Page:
The effects of applied stress and heat treatment on the stress corrosion cracking behaviour of manganese bronze.

Type of content
Theses / Dissertations
Publisher's DOI/URI
Thesis discipline
Mechanical Engineering
Degree name
Master of Engineering
Journal Title
Journal ISSN
Volume Title
Manz, Olaf

Stress corrosion cracking (SCC) is a cracking mechanism requiring a tensile stress on a susceptible material in a corrosive environment. Changes to, or the removal of, any of these three conditions can cause significant impacts on the SCC susceptibility. The propagation of SCC is typically described as being predominately transgranular (TG) or intergranular (IG).

AW Fraser is an original equipment manufacturer (OEM) that produces extrusions and precision machined components from bronze alloys. The particular alloy used for this project’s investigations is a manganese bronze designated as UNS C86300, which is primarily used in high-wear engineering applications such as bushings in earthmoving equipment due to its excellent strength and wear resistance. The material consists of equiaxed grains of the BCC β-phase, with iron-rich κ-phase precipitates within the grains and at grain boundaries. Cracks were discovered in parts of rough-machined UNS C86300 after as little as 24 hours when stored outside. A failure analysis determined the cracking mode to be intergranular SCC due to the residual stresses from rough machining. A preliminary project found UNS C86300 to be susceptible to SCC in an environment of deionised water. The current method AW Fraser uses to prevent SCC in these parts is to cast sections far thicker than the final part to reduce the residual stresses induced by the clamping force of the lathe chuck, yet this process increases production time and cost significantly.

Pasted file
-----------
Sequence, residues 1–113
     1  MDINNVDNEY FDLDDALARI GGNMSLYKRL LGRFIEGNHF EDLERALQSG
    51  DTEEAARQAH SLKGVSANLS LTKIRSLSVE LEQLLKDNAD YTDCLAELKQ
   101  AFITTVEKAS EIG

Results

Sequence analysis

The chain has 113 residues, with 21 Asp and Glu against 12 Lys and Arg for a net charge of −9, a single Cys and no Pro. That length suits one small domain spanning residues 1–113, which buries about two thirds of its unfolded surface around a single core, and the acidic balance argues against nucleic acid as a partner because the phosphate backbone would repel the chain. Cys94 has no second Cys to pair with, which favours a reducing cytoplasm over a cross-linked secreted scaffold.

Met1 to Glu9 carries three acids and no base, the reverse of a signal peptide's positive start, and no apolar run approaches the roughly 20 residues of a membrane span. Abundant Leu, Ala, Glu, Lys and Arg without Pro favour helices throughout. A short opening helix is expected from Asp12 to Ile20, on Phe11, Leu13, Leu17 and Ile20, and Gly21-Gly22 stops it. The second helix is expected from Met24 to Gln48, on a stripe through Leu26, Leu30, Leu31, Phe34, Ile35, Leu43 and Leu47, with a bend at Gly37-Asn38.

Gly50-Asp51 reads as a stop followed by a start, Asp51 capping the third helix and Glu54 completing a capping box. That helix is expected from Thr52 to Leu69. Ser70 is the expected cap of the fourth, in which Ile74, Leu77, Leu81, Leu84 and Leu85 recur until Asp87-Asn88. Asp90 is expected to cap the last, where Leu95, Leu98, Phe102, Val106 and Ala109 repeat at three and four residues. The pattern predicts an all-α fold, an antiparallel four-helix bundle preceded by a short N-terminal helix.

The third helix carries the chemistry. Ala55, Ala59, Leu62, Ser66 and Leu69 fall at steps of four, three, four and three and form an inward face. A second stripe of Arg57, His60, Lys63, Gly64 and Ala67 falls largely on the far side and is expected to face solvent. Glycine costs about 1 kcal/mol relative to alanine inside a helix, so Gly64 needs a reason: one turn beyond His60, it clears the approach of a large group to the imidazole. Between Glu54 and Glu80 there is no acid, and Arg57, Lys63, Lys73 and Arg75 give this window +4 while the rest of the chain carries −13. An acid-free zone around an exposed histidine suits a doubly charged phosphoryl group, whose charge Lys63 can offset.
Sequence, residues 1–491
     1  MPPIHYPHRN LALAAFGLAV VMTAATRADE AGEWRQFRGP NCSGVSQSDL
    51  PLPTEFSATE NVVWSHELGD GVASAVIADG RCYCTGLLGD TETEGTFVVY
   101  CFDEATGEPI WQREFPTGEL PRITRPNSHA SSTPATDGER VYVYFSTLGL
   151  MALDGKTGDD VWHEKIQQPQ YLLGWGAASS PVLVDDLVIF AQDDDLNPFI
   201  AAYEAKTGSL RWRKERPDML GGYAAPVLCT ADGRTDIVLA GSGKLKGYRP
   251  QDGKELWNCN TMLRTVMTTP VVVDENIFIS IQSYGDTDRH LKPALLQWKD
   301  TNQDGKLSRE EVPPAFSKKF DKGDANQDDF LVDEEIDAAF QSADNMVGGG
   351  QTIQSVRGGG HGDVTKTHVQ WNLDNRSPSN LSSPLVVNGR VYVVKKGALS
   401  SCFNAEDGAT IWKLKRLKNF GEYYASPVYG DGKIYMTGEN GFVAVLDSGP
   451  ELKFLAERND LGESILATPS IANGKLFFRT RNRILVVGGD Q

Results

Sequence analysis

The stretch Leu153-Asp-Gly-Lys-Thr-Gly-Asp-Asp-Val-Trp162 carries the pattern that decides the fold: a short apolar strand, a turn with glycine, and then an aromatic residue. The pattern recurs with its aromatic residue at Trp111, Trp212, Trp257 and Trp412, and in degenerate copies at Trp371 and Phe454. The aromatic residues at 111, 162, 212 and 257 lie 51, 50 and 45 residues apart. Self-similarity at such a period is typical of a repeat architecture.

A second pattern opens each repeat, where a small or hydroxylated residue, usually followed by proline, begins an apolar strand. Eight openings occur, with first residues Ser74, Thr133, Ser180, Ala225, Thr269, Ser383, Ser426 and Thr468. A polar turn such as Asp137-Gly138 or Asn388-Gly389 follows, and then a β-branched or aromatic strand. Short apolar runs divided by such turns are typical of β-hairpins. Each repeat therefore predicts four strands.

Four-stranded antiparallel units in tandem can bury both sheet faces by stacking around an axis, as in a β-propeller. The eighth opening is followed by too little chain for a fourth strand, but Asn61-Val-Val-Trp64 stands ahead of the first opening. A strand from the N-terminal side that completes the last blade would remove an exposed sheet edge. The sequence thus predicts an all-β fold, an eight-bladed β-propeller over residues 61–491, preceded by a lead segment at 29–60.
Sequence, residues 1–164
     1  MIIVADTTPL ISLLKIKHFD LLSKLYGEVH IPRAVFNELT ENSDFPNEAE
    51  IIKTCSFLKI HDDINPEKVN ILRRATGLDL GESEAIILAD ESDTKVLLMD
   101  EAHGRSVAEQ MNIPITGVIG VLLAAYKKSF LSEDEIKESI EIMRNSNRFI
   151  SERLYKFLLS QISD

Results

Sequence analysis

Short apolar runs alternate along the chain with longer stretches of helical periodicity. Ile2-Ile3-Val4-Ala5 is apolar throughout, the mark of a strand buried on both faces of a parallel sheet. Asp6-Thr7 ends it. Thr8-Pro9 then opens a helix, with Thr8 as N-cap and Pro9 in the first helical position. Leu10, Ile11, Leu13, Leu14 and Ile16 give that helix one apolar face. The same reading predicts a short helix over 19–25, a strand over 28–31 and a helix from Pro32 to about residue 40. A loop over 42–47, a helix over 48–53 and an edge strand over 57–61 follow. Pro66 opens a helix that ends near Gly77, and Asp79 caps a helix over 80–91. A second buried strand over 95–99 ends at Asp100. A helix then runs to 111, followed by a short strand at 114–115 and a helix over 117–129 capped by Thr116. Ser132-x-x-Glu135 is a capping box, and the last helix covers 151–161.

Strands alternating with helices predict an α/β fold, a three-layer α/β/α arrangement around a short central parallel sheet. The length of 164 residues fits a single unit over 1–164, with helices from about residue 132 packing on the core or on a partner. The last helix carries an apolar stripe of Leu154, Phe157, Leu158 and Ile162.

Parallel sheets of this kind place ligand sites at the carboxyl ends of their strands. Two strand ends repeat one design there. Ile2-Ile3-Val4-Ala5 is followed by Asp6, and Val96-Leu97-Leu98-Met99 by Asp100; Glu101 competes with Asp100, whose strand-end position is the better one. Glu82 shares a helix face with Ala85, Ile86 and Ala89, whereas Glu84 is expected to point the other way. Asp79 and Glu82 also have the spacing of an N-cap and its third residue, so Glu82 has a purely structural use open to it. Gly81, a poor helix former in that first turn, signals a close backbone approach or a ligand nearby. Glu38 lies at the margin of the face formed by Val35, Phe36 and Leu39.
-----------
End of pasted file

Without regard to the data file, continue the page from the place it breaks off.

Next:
SCC in copper-based alloys has been extensively researched after first being documented in the late 19th century, and the effects of the environment, material, and stress are well understood. However, the majority of the research focuses on α-phase alloys. Although there are some documented cases of β-phase brass alloys experiencing SCC in deionised water, there is a gap in the literature concerning this phenomenon.

To contribute towards filling this gap in the literature and to provide valuable data to AW Fraser, the effects of applied stress and heat treatment on the SCC behaviour of UNS C86300 have been investigated. As-received, stress-relieved, annealed, and quenched C-ring specimens were tested in deionised water at applied stresses ranging from 25–95% of the material’s yield strength. Dezincification susceptibility tests and various analytical methods have been conducted on selected specimens to determine any relationships between failure time and applied stress or heat treatment.

Ngā upoko tukutuku/Māori subject headings
ANZSRC fields of research
All Right Reserved